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Arch Surg. 1938;37(1):155-174. doi:10.1001/archsurg.1938.01200010160011.
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Almost a century ago, Cruveilhier1 distinguished between peptic ulcer and carcinoma of the stomach and expressed the opinion that in certain cases malignant degeneration of a peptic ulcer might occur. Since then a voluminous literature, more or less controversial, has accumulated on the question of malignant degeneration of a preexisting benign ulcer of the stomach. It is now generally conceded that so-called "ulcer-carcinoma"2 does exist as a pathologic entity. The point about which discussion still centers, however, is the incidence of such a lesion.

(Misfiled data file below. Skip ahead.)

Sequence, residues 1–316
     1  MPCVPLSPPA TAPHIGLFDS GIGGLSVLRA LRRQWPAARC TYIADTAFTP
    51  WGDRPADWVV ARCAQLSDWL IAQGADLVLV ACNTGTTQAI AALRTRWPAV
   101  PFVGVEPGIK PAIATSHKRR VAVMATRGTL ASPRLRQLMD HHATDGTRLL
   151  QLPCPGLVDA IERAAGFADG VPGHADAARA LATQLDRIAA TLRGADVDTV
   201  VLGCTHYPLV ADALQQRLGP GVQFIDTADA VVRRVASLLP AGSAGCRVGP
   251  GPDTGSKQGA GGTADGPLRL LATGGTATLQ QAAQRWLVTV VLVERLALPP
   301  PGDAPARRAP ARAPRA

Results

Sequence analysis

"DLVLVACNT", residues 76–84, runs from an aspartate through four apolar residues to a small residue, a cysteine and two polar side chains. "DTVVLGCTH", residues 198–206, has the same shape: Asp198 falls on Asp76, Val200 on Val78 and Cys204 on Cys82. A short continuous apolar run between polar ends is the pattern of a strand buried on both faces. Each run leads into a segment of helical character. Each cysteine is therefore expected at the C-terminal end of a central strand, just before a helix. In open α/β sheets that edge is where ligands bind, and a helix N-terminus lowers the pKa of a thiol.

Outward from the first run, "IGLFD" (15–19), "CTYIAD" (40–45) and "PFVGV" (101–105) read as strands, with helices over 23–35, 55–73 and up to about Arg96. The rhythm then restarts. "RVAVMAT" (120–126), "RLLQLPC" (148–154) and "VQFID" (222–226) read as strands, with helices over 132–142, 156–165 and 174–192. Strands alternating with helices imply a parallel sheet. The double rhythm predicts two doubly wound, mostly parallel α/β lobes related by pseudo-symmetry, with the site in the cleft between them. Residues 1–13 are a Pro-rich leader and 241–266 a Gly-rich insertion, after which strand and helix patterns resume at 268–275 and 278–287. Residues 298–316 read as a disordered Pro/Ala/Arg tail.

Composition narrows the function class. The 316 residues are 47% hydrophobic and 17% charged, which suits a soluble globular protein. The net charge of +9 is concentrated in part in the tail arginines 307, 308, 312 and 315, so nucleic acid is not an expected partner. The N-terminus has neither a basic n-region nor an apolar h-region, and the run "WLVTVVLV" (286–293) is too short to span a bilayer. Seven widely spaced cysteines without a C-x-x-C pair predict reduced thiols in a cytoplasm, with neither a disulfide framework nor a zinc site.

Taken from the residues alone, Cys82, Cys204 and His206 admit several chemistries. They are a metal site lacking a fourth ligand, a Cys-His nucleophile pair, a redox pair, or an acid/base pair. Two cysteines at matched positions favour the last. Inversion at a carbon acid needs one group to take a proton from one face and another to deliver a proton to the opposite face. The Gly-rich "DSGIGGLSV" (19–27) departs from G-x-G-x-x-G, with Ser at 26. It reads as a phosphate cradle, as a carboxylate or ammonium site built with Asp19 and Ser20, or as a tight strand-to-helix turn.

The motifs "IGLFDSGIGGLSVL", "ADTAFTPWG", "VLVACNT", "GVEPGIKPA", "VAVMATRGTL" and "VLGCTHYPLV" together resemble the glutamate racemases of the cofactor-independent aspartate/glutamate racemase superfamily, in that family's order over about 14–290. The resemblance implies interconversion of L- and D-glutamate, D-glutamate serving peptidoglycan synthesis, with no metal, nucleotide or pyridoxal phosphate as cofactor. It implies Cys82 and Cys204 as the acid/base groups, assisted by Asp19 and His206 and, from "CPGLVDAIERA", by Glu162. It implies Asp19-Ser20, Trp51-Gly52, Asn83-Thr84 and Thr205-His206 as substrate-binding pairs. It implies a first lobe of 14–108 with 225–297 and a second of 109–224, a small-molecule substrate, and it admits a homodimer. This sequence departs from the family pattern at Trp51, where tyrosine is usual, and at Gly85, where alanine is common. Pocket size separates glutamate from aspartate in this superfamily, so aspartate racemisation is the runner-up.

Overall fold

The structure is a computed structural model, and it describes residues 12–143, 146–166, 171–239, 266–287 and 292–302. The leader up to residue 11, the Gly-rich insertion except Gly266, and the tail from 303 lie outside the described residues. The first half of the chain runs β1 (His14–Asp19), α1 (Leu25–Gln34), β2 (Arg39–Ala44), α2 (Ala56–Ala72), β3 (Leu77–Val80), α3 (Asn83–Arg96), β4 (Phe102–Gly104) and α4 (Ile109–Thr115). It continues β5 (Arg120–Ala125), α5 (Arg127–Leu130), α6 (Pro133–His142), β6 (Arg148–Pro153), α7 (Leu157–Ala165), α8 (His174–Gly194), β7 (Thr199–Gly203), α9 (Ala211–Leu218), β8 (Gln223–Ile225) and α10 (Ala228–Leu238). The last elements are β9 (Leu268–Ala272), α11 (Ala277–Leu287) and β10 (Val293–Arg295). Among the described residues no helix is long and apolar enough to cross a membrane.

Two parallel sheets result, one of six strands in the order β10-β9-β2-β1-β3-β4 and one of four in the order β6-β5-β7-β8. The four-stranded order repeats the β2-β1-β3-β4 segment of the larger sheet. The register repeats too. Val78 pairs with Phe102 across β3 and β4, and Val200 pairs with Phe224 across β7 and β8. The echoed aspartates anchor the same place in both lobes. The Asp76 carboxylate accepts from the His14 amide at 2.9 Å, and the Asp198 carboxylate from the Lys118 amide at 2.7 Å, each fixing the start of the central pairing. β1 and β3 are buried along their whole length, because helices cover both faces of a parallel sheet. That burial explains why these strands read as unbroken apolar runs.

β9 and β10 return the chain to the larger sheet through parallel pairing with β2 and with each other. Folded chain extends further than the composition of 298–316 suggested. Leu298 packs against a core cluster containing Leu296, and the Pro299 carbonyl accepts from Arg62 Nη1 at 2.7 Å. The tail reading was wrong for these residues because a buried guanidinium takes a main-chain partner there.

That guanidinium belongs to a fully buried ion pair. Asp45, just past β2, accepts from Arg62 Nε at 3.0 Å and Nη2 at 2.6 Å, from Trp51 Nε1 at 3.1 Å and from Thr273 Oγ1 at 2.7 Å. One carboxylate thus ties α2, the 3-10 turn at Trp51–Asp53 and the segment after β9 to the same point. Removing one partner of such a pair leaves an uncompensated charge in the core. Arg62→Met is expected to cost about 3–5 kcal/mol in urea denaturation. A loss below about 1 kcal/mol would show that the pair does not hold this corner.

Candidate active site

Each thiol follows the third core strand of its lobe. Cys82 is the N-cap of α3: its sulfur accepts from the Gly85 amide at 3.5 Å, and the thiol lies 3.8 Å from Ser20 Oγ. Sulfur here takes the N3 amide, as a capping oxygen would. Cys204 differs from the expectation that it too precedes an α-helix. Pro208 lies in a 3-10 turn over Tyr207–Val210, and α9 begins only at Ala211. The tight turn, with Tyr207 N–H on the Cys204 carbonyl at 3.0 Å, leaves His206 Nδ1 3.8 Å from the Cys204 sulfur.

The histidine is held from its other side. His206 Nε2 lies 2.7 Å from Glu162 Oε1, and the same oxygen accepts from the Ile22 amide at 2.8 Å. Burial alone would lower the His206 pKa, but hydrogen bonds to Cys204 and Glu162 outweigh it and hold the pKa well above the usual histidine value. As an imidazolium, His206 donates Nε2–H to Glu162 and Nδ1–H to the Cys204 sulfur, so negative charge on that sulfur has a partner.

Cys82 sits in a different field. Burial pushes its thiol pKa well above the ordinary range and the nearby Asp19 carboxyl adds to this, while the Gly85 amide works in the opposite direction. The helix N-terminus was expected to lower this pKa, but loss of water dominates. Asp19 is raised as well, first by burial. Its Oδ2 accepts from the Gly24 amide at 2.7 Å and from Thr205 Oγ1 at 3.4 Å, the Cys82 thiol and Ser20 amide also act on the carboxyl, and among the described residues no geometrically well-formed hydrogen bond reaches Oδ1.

Cabot and Adie3 reviewed 82 reports in the literature and noted that approximately half the authors concluded that the development of carcinoma from ulcer occurs in less than 10 per cent of cases.

Newcomb,4 in a comprehensive survey, listed the statistics of 102 observers who estimated the proportion of gastric carcinomas originating in primary benign ulcers. Among these, 51 stated that not


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